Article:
Whakaari/White Island volcanic eruption

The Whakaari/White Island volcano erupted on 9 December 2019. Some people on the island during the eruption were killed or seriously injured. The eruption also caused environmental contamination. Find out why it's unsafe to eat fish or shellfish from the area.

Do not eat fish or shellfish from around Whakaari/White Island

The Ministry for Primary Industries (MPI) is advising the public not to consume fish, shellfish, or crayfish harvested from the shores of Whakaari/White Island and within a 1km buffer zone extending off the White Island coastline. This advice is to protect your health.

Following the eruption and ongoing volcanic activity, there have been concerns about elevated levels of environmental contaminants including heavy metals entering the sea.

You should not eat seafood from the area, including:

  • finfish
  • crayfish
  • mussels, oysters, tuatua, pipi, toheroa, cockles, scallops, catseyes, kina (sea urchin), and all other shellfish.

Cooking fish, shellfish, or crayfish will not remove the contaminants.

What to do if you feel sick after eating seafood

If you become ill after eating seafood from an area where a public health warning has been issued, either:

  • phone Healthline for advice on 0800 61 11 16, or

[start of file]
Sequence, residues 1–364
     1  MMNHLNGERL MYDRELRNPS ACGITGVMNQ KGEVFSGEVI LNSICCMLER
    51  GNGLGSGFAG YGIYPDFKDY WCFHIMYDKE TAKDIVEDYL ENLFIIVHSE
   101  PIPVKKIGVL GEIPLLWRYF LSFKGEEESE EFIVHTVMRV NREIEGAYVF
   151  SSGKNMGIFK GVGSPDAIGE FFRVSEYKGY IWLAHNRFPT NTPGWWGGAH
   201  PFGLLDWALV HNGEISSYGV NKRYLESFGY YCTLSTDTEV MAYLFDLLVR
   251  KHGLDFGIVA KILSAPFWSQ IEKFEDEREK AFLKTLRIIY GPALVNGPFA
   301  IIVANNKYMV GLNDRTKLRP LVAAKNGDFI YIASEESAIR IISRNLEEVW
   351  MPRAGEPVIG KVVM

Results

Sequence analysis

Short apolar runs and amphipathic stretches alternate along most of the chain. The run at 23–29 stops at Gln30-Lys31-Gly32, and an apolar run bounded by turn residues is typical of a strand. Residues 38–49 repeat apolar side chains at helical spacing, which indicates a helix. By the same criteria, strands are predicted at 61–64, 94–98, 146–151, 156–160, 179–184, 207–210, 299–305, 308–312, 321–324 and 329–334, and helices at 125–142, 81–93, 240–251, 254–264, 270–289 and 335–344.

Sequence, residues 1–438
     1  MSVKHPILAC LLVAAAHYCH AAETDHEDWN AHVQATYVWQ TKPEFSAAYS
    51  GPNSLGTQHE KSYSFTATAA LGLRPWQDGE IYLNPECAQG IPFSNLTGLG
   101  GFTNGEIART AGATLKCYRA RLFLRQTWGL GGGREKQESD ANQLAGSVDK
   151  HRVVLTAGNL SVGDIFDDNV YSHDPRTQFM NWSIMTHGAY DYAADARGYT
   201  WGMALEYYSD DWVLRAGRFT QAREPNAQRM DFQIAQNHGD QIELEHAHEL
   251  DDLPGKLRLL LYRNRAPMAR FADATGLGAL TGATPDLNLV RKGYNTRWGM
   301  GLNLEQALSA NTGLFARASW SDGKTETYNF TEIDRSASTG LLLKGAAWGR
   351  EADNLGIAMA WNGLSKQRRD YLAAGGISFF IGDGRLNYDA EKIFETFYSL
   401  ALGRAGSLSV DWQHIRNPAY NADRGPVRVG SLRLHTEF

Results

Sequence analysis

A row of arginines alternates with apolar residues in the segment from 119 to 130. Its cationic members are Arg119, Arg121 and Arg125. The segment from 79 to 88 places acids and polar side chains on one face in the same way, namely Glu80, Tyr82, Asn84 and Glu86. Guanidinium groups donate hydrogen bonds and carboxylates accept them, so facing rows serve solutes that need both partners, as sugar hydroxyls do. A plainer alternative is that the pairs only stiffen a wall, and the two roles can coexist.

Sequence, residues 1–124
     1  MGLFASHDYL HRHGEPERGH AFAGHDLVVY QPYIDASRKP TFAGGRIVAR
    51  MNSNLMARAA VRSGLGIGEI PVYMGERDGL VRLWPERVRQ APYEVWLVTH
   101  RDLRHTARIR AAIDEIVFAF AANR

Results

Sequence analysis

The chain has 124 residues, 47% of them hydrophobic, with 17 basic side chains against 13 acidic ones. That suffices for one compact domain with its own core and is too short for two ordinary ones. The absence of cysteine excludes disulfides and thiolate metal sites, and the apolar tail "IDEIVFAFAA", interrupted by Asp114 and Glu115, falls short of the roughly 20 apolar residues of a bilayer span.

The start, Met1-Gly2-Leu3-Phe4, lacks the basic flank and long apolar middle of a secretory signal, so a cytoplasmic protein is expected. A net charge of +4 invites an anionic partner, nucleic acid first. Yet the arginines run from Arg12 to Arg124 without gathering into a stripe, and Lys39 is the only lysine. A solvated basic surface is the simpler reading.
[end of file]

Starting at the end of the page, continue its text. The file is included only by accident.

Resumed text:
• seek medical attention immediately.

You are also advised to contact your nearest public health unit. Keep any leftover kaimoana (seafood) in case it can be tested.

Map showing the boundary lines around the island


MPI does not expect any increased food safety risks from shellfish and seafood taken from around the Bay of Plenty coastline as a result of volcanic activity. All the same, we advise you to follow these food safety guidelines when taking seafood and shellfish in the Bay of Plenty:

  • Live, fresh fish and shellfish are best.
  • Fish and shellfish should not be eaten if they are:
    • dead
    • smell like sulphur or smell “off”
    • visibly unwell.

If in doubt, don’t eat the fish or shellfish or feed them to your pets, or other animals. Proper handling, storage and cooking can reduce the risk of getting sick from your catch.

Find out more

Coastline iwi authorities contact details – Te Puni Kokiri

Food safety information on gathering kaimoana [PDF, 681 KB]

Check the Bay of Plenty Civil Defence Facebook page for latest volcano activity updates

Last reviewed: